Sometimes Being Black Just Isn't Black Enough


The Girl and The Bieb
The first week of third grade was an interesting one for The Girl because she was at a new school in a new city. Up until then, she’d been the golden child of a teeny, tiny Christian elementary school in Baltimore.
 
The neighborhood was rough — they shot episodes of The Wire on the same block, if that gives you any idea — but inside the school, the students were safe and loved. It was a nurturing environment, and far as I ever knew, none of the kids even teased one another. So she spent K-2 feeling comfortable in her her-ness.

D.C., alas, was different. By the time she wrapped up those first five days, she had already been razzed about, of all things, being light-skinned.

“Mommy, am I half?” she asked me in the car.

“Half what?” I asked, genuinely confused.

“I don’t know. The kids at school just keep asking me if I’m half.”

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Oh boy, I sighed after I caught on. Here we go. Color struck folks are still alive and kickin’, and even worse, they’re having kids and passing their hang-ups on to the poor babies.

First of all, there’s nothing about her (or me, the parent who handed her her complexion) that even hints at being biracial, multiracial, or anything but black. Her features, from her hair to her shape, are inherently and genetically African. It just so happens that her mom and my mom and her mom before have all been a lighter shade of brown. Secondly, she wasn’t even the lightest child in her all-black class, so I couldn’t wrap my mind around the confusion, even from the perspective of a bunch of little kids.
 
But D.C., like a lot of areas below the Mason-Dixon line, is big on color. My first time ever being called “high yellow” was walking down a block in the northwest part of the city. That was followed by a string of comments over the years about being redbone and light-bright, which are, in case you’ve never heard of them, terms used to apply to lighter-skinned black folks.

I’ve always hated it. Always. Hated. It. I can’t stand the divisiveness or the way my community continues to perpetuate and levy our complexions against one another when, to the rest of the world, we just black. Plain ol’ regular, everyday black, whether you’re cinnamon-colored or deep, rich chocolate. The complex stems from the enslavement period when lighter folks were sometimes given preferential treatment and cushier responsibilities. But this is 2011. And even though the residuals of those centuries run deep, I need this color fascination to be first on the list of things we finally get over. Quick, fast, and in a hurry.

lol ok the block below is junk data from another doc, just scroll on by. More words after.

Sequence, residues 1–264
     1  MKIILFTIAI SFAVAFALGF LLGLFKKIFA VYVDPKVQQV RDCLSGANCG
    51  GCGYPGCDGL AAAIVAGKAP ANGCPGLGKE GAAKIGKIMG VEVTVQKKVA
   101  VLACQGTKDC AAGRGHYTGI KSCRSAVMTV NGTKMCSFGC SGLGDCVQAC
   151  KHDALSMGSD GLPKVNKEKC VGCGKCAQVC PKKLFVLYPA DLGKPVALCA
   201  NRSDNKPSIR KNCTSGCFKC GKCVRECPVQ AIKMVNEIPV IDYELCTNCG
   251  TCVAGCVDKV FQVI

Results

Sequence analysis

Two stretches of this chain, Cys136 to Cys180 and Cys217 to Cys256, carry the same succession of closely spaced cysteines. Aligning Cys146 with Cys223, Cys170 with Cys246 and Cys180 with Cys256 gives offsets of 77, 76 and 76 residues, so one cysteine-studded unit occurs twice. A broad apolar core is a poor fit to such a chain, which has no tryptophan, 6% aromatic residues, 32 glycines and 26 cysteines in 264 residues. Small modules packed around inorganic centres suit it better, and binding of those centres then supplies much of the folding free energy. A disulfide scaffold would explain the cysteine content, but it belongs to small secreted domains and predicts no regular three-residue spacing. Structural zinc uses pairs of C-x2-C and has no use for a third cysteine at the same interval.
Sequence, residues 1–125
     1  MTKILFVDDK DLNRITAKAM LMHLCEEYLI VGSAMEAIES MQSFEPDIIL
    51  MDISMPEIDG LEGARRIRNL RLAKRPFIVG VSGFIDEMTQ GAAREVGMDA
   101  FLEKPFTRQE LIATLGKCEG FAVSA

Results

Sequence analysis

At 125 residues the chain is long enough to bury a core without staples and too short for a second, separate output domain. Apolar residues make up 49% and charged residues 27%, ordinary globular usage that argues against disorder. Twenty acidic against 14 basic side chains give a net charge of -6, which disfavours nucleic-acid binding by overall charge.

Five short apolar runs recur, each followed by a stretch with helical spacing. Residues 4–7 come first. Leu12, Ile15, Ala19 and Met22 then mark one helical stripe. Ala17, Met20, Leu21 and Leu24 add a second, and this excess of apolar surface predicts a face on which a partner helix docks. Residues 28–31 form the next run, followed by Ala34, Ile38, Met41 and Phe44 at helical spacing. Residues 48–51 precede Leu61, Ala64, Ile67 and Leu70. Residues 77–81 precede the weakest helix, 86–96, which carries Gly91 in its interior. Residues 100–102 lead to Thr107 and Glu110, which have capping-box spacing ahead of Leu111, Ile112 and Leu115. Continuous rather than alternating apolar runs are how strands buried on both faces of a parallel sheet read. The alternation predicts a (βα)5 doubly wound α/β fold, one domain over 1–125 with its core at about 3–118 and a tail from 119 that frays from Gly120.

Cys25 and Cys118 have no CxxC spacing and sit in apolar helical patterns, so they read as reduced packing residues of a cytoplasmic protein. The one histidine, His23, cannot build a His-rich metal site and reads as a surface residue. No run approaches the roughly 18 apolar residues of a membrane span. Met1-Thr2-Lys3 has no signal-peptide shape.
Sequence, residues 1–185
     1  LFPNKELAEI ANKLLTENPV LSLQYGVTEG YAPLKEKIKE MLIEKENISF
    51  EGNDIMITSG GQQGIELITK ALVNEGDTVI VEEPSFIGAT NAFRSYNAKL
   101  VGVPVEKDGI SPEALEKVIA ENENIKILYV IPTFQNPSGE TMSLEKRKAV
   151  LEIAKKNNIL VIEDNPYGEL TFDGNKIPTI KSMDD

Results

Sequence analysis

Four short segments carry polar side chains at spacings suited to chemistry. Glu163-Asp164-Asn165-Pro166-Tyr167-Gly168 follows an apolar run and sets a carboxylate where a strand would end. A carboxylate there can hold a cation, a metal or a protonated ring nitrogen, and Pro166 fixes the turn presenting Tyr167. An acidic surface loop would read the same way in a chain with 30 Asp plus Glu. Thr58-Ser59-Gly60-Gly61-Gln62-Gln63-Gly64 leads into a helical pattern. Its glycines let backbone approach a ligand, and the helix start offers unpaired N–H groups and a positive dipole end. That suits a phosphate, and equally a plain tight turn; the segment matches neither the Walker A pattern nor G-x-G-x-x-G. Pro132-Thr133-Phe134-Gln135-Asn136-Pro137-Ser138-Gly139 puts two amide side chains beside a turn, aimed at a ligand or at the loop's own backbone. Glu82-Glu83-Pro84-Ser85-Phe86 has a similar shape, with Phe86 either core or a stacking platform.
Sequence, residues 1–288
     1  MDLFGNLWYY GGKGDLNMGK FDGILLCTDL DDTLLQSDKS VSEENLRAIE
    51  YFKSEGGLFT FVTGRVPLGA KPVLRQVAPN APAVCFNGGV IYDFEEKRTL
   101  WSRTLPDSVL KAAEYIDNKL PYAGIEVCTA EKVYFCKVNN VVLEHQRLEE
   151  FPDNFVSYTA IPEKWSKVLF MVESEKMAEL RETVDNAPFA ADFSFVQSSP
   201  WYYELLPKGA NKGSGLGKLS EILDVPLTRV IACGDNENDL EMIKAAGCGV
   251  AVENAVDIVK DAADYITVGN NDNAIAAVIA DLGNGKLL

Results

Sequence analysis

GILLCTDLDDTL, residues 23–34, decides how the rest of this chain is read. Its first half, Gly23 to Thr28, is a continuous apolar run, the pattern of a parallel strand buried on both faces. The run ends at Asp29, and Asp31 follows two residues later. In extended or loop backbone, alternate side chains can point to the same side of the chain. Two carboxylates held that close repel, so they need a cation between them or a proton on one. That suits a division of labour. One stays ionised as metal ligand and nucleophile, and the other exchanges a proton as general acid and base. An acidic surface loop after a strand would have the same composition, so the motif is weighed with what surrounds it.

I raised my child to love her skin color, not because of the shade it is but because of the heritage behind it. No one in my family has ever subscribed to a superiority mindset. Heck, it’s not even something we actively think about. But looks like, despite my fiery pride, too many years of living around all this cheerleading and complimenting off the strength of her complexion has gone to The Girl’s head.

Her godmother and I walked past her dry erase board a few weeks ago, paused, and backed up for a double-take. “Team Lightskinned” was inked in big block letters (along with Team Libra, her sign, and Team Barbie in honor of her fanaticism for Nicki Minaj, even though she’s restricted from most of her stuff). We were both livid. Of all the things you could be enthusiastic about, even braggy if you want to, why in the world would it be about your skin tone? Yeah, she set herself up for a nice, long lecture that day.

I feel bad for kids who have to contend with the hullabaloo about their complexion or the texture of their hair or anything else related to what they’re supposed to be or do according to race standards. When I was young, I used to get the business for “talking proper,” meaning, according to those observant peers who were calling me out on the carpet, I sounded like a white girl. (Shout out to Shada and Tammy! You guys, like, totally stick out in my memory.) So whether it’s about how you look or how you sound, we sure do have a rote list of stipulations about what makes somebody black enough.

Other cultures deal with it too — Latinos, Filipinos, Persians, and Indians come immediately to mind — but I guess it’s pie-in-the-sky thinking to hope that somewhere down the line, we’ll just appreciate the skin we’re in. Period.

Has colorism affected your or your child’s life? 


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